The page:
For the last three weeks, I’ve been learning how to type all over again, since I transitioned to to a new keyboard layout. Which is why there haven’t been any blog posts, since writing one would have taken me approximately ten years.

I’m still getting back to where I was, but I’m finally at the point where I can manage sentences. It’s been interesting being bad at something that I’ve taken for granted for so long: I have known how to touch type for as long as I can remember so I’ve never known a time when typing was hard.

Being bad at typing has impacted the way I think in type. My thoughts are simpler and more constrained because there is so much effort associated with typing. I lack the capability to express accurately my thoughts in writing, and I catch myself feeling stupid. It’s just such a slog to type.

newbie

Of course, I actually can distinguish between my thinking and my ability to express my thinking, but it has helped me become more aware or the challenges my students face when they are trying to express themselves through essays, or my older clients trying to use computers. In both cases, they question their competence because of the limitations they face in simply expressing themselves.

When typing is frustrating, you just don’t want to have anything to do with it. I didn’t want to answer emails or write blog posts. I can imagine that students who lack mastery of writing just avoid putting their thoughts on paper, and people who find computers tricky avoid them as much as possible.

This just makes it hard for them to get better. Any written assignment becomes burdensome, not even considering the thinking behind the words.

And then there’s the issue that most of us judge a person’s intelligence based on how well they communicate. Since written communication has always come easily to me, I’ve never considered how frustrating it would be to have others judge me by my poor writing. I imagine some people might even judge themselves as less intelligent based on the feedback they are getting from others, especially if they have trouble distinguishing between their thinking and their ability to express their thoughts.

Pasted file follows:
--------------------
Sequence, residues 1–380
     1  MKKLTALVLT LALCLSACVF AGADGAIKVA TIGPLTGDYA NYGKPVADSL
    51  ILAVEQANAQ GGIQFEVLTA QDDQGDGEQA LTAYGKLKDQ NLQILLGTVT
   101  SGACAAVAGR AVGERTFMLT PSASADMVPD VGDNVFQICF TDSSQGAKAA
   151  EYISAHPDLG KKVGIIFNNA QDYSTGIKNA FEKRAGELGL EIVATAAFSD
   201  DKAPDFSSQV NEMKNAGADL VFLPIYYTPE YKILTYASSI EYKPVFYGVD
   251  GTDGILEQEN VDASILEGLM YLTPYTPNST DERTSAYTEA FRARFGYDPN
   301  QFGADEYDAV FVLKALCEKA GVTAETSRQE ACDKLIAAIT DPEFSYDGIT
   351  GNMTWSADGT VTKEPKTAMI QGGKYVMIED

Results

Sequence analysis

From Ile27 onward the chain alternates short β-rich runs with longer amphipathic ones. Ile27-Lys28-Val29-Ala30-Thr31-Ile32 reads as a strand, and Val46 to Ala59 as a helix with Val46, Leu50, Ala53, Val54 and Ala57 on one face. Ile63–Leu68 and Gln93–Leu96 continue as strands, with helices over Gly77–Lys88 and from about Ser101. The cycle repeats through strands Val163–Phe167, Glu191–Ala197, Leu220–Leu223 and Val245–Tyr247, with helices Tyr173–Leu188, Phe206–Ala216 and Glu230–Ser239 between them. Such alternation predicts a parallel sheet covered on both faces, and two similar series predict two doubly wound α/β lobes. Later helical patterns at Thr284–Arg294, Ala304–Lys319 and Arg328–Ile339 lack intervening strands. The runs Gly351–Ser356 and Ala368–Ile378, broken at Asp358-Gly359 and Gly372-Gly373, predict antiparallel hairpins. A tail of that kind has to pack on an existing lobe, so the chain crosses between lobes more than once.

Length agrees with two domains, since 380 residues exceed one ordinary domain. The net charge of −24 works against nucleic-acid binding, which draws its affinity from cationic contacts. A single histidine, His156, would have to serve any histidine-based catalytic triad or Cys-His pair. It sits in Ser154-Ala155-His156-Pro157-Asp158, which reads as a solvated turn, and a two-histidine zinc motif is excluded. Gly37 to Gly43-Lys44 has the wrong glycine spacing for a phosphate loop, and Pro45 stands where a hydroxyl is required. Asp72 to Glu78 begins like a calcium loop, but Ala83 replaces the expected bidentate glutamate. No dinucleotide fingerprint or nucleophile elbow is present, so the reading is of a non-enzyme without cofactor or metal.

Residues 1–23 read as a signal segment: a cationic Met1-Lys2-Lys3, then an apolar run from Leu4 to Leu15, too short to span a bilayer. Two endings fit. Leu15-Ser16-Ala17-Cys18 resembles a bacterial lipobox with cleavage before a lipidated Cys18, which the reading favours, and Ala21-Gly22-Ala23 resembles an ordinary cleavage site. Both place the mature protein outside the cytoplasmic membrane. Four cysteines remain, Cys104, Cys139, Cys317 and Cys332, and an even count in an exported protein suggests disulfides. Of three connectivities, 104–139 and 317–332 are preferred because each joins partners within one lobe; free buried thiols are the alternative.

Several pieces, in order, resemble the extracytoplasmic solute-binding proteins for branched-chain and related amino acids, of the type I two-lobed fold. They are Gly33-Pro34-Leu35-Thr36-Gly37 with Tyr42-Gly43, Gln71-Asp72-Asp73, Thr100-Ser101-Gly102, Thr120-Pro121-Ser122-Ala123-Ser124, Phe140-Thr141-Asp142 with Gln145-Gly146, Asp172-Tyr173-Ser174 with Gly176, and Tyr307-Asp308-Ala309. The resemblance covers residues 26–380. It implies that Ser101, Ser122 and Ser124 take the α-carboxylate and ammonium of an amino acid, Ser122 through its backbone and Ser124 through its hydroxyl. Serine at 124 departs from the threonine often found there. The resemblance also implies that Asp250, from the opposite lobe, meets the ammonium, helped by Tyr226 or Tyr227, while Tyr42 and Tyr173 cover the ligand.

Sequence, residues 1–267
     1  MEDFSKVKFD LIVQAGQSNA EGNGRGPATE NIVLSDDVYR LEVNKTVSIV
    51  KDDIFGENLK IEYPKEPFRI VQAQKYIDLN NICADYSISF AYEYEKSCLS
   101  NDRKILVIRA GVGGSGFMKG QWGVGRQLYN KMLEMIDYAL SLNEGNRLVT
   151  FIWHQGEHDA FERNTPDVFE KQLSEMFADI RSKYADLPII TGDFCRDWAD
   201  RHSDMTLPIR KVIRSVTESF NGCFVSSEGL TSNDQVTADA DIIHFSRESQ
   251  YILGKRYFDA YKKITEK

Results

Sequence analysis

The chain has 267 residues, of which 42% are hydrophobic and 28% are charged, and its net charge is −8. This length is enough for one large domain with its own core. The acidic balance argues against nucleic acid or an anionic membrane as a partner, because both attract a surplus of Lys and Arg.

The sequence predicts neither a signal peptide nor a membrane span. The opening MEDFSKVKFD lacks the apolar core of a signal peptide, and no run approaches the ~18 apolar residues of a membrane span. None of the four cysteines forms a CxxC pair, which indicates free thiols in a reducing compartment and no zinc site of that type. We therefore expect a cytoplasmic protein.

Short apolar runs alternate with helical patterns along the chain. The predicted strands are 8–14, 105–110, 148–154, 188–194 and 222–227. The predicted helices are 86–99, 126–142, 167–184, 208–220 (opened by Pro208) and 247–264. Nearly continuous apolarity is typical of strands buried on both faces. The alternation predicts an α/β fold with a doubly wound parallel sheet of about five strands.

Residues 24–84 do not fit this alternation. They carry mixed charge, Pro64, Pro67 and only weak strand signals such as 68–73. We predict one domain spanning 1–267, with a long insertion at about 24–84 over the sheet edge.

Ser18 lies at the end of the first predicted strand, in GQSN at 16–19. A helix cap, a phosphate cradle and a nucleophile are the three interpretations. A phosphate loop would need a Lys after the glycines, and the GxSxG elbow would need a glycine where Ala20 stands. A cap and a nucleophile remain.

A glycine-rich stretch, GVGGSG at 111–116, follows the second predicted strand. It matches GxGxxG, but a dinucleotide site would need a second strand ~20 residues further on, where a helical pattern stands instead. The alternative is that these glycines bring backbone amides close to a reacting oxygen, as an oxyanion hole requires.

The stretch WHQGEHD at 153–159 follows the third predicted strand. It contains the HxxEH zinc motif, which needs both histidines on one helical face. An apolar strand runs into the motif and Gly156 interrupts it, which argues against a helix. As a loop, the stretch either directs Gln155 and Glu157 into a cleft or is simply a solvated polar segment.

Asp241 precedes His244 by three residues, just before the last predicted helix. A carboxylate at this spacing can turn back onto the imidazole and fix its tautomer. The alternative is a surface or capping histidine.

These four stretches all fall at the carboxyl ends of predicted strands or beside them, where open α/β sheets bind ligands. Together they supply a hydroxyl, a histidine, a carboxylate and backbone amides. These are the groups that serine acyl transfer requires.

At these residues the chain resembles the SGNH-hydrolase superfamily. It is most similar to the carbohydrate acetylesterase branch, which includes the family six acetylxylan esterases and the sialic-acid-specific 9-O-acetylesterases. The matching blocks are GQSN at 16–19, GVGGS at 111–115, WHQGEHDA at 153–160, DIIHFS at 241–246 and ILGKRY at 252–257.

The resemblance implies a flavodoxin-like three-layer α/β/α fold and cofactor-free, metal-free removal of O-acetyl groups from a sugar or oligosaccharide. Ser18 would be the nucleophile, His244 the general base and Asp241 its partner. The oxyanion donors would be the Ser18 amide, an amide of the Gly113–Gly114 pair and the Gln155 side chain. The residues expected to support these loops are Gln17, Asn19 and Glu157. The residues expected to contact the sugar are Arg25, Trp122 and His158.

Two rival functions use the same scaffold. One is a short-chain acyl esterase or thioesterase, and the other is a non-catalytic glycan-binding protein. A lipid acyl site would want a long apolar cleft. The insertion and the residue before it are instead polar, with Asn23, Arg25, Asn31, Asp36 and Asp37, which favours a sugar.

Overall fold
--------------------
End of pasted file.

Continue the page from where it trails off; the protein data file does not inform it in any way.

Is this something that impacts you?

  • Do you feel unartistic because you lack drawing ability?
  • Do you feel dumb because you read slowly?
  • Do you feel confused because computers are not intuitive?
  • Do you feel anxious or self-conscious at the gym because you don’t know what to do?
  • Do you feel out of your element playing video games because you simply aren’t familiar with the controllers?

All of these are cases in which literacy (or lack of it) is defining your relationship to some activity, and even leading to some judgement about yourself.

You might be a very creative person if you simply had the skills to express it, for example. Or be much more excited about writing if you were more confident about grammar and rhetoric.

Or you can just continue to slog through and hope for the best, never going back and improving your capacity.

The big takeaway of my experience has been that the ability to express myself in various mediums is closely tied to my level of confidence and competence. Expression should be fluid, so that the creativity itself can come through without getting scrambled by a poor signal.

If you find something particularly opaque, consider that you simply lack the ability to interface with the language. Maybe math is hard not because you don’t “think mathematically” but because you never mastered some basic ideas like order of operations or fraction rules, or even basic vocabulary. Taking the time (frustrating as it may be initially) to learn these basic skills so they become intuitive can open up a new world.

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